And I just don’t think that that is possible. And I don’t think that that’s how we can grow. So in order to know who we are at the core, in order to return to that more child like space of freedom, then we need to start removing, even if it’s temporary, all of the skins and the layers that cover our soul. This is what we’re going to be doing in a moment with our Yoga nidra practice is removing these things. Only by taking everything off. Can we then decide if we would still like to go forward.

It’s not that these skins are bad, it’s how we use them. If we understand that there are tools to give us a different perspective and ways of viewing our lives, then that is a completely natural and soulful way to use these skins. It’s only when we get so attached to them, or in some cases, completely averse to them, that they begin to create tension and friction and stress in our lives. So we’re going to do this through the physical practice. This is also something that you can just do in your life on a regular basis with the mantra, who am I really, who am I really, I am this I am an executive. I’m an employee, I’m a teacher, yes, but who are you really keep going deeper and deeper and deeper.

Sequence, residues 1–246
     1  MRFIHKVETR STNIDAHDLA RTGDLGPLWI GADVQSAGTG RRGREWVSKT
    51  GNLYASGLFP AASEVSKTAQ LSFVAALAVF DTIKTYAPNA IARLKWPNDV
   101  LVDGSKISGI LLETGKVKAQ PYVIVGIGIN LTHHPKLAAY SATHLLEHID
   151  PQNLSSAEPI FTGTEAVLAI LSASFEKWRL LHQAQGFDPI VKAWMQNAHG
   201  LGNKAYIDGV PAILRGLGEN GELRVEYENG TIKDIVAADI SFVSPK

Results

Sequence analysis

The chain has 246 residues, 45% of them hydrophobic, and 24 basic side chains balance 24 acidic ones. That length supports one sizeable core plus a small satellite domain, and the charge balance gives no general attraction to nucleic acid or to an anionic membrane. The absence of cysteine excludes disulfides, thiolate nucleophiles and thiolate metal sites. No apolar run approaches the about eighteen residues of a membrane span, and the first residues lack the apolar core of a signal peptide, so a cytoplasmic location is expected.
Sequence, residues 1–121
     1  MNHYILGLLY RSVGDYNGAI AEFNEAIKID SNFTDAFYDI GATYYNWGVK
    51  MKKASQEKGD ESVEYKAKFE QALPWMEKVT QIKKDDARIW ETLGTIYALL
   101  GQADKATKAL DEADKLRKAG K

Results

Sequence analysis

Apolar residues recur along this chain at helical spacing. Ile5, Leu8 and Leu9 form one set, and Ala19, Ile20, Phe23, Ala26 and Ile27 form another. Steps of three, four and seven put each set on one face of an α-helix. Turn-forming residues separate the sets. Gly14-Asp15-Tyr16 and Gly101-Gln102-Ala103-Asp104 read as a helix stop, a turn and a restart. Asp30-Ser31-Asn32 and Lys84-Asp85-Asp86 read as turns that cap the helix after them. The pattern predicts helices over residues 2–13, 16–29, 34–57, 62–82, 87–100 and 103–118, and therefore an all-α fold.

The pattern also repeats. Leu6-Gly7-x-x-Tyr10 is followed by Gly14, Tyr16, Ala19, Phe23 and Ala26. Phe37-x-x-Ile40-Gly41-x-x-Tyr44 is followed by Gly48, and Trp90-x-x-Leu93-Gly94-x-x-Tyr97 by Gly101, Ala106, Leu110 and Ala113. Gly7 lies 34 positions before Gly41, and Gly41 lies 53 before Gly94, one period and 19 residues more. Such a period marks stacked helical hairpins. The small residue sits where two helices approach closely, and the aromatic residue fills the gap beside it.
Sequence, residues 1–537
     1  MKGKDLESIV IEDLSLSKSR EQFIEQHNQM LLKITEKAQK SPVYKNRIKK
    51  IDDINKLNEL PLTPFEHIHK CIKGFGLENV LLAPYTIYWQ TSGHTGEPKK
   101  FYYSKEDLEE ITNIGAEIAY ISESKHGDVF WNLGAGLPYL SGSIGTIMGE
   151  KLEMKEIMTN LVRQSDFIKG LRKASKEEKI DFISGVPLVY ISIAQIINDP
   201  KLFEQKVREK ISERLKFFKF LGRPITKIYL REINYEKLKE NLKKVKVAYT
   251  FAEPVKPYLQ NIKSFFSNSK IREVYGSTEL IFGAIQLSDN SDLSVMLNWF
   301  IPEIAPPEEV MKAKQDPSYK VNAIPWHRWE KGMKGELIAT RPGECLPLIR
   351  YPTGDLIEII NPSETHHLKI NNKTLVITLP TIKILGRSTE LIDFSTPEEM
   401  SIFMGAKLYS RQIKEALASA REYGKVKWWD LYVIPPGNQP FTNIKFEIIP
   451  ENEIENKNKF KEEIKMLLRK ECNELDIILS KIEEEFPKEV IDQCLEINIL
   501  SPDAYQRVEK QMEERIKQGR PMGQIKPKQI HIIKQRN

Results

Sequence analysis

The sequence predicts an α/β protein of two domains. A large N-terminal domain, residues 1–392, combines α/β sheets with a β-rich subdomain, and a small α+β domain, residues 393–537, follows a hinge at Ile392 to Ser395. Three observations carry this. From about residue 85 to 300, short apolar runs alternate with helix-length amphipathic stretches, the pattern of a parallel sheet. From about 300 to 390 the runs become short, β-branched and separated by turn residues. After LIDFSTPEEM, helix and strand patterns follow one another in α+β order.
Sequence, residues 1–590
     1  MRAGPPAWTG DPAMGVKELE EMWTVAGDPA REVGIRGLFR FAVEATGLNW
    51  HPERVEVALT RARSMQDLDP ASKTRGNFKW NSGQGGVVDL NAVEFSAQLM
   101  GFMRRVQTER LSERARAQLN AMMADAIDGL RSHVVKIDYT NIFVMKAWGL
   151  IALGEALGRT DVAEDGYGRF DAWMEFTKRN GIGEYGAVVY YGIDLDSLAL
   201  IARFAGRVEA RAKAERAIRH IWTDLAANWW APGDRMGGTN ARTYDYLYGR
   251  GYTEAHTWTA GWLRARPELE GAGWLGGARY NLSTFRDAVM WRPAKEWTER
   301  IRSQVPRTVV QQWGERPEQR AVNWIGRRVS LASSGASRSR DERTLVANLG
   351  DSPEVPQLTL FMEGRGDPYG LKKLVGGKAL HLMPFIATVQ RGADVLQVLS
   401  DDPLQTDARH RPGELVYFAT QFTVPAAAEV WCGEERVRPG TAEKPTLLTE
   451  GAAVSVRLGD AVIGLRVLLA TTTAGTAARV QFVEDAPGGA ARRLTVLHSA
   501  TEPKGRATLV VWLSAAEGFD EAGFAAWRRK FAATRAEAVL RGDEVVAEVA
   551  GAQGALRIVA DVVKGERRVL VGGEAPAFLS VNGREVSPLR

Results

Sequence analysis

This also is an excellent exercise, to just start writing it down, you will start with the basic things. I’m a teacher, I’m a mother, I’m a friend. But it’ll start going deeper. If you give yourself that freedom, and you will go deeper and deeper underneath those skins and what we’re trying to access is our soul. We’re trying to access that part of ourselves that is infinite, and beyond the part of ourselves that knows why we came here the part of ourselves that is unafraid to live this life with freedom and curiosity. Then, from that space of Seoul, we can move back out into our world and we can wear skins and we can play with skins and it’s like putting on a play.

I’m going to go now and put on my, this particular skin, this particular skin or you can see them as hats that we’re wearing different, different hats, but we know that when we come home to ourselves, that we take those hats off. That’s the first thing we do when we come home from work is we take off our jacket. We take off our shoes. We don’t always do that with our identities. And pretty soon, we don’t see ourselves apart from them any longer.

15:11 – GUIDED YOGA NIDRA BEGINS